Consumer broadband connections in the US are almost all "asymmetric" connections—that is, out of the total amount of bandwidth available, more bandwidth is allocated to the "download" direction than to the "upload" direction. This decision made sense 15 years ago when DSL connections were first gaining momentum. The Internet—and specifically the World Wide Web—was far more of a consumption-oriented construct then. People were far more interested in reading or watching content than in putting up their own. We wanted, needed, fast download speeds, and broadband providers jumped at the chance to differentiate themselves from dial-up ISPs by offering fast always-on connections and by using as much of that bandwidth as possible to send data to users.
The story today is very, very different. Download speeds are still important (by some estimates, just a bit under half of all Internet traffic is from people watching Netflix and YouTube videos), but it's become far easier to create content too. The ability to actually share anything that you've created relies on being able to upload that content.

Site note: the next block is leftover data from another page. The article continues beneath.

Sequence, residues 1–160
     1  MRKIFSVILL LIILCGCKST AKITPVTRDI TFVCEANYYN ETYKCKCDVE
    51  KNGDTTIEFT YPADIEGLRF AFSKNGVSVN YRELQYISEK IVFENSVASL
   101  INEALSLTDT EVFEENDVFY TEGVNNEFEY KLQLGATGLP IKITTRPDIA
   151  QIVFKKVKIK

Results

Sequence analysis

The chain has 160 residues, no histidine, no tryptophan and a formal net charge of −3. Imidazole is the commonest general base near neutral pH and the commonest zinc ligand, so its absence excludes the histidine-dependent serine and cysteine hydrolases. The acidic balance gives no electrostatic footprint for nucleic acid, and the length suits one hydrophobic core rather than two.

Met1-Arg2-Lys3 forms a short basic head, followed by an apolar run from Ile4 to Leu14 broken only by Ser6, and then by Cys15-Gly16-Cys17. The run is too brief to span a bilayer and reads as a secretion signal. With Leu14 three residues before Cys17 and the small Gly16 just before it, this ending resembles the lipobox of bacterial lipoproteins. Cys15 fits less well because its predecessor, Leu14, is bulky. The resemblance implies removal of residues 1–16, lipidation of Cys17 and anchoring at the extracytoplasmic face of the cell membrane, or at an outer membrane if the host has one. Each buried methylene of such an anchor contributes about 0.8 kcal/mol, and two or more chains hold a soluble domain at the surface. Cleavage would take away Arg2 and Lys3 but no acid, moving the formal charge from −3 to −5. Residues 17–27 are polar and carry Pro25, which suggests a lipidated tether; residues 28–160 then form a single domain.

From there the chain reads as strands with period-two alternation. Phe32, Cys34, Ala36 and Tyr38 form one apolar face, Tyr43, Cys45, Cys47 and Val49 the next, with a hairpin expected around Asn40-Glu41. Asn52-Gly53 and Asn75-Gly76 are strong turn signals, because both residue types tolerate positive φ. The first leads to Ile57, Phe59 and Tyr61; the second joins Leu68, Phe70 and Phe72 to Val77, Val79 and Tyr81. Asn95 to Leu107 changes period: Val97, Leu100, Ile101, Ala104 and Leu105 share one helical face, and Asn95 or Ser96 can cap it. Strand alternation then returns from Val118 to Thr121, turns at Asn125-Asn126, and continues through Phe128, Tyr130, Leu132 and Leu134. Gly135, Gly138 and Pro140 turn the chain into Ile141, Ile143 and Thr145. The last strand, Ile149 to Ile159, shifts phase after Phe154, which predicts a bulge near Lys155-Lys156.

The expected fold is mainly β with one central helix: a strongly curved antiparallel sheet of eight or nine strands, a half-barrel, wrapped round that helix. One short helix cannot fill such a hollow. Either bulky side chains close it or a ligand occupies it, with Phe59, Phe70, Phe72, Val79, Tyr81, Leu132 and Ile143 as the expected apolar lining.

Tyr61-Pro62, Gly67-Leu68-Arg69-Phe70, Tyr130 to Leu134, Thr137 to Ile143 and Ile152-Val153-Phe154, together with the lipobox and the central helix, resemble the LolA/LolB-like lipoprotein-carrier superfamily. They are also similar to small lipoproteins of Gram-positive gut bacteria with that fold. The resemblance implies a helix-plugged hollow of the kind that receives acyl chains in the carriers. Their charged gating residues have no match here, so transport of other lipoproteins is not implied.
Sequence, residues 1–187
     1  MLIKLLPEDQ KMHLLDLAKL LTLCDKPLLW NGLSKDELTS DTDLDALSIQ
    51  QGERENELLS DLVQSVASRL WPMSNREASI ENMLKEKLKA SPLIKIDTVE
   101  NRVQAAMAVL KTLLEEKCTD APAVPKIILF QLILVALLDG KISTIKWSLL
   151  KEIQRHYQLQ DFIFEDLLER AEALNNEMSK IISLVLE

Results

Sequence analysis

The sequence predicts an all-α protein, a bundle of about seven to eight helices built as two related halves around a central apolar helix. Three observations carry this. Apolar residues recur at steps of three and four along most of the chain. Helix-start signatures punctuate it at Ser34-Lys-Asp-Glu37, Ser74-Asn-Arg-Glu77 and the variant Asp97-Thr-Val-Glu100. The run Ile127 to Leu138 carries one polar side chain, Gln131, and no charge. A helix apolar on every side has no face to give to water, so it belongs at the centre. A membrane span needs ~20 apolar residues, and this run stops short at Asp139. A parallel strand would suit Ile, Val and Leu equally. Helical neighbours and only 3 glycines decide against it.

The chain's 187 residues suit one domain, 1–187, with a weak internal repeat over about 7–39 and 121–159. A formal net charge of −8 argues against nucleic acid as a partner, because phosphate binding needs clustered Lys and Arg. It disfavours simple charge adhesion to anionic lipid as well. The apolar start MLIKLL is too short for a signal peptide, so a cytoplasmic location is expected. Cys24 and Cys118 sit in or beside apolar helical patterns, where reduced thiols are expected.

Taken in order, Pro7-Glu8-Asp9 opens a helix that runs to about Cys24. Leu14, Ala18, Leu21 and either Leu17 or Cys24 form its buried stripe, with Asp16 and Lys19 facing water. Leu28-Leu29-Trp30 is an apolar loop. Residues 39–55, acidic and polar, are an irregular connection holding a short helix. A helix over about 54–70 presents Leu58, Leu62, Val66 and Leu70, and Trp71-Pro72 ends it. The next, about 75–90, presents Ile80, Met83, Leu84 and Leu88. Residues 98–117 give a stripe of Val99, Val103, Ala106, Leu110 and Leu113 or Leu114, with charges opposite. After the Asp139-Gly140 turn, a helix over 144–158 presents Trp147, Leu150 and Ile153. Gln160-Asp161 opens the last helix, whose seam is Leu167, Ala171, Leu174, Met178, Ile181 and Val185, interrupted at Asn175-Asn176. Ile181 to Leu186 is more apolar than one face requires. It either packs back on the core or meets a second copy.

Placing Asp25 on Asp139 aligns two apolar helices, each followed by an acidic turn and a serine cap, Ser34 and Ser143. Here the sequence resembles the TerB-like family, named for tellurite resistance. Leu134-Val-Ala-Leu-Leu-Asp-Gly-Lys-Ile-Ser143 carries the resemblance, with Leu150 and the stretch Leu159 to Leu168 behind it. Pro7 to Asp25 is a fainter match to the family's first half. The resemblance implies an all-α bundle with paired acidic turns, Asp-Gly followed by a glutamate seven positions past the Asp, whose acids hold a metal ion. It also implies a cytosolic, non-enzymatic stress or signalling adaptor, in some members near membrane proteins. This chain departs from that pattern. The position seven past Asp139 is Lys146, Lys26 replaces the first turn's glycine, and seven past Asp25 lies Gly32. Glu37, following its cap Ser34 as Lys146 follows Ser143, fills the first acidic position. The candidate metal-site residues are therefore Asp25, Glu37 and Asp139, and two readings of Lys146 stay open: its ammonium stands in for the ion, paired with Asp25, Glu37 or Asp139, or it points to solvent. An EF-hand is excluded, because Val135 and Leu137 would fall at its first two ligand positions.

Slow upload speeds are a problem even my mother has commented on—and when my mother starts commenting on a technical issue, that's when I know that it's absolutely a mainstream concern. She enjoys making videos of things she's painted and of new plants in the backyard garden, then uploading those videos to YouTube to share with her friends. But she's stymied by how long it takes to upload her videos, even if they're relatively short. She and my father are trapped by Comcast into an overly expensive residential cable modem plan with a grossly asymmetric download/upload ratio. Explaining the problem to her yielded the common sense observation, "Well, that's just stupid. How am I supposed to share videos if it takes longer to get them to YouTube than it does to film them in the first place?"
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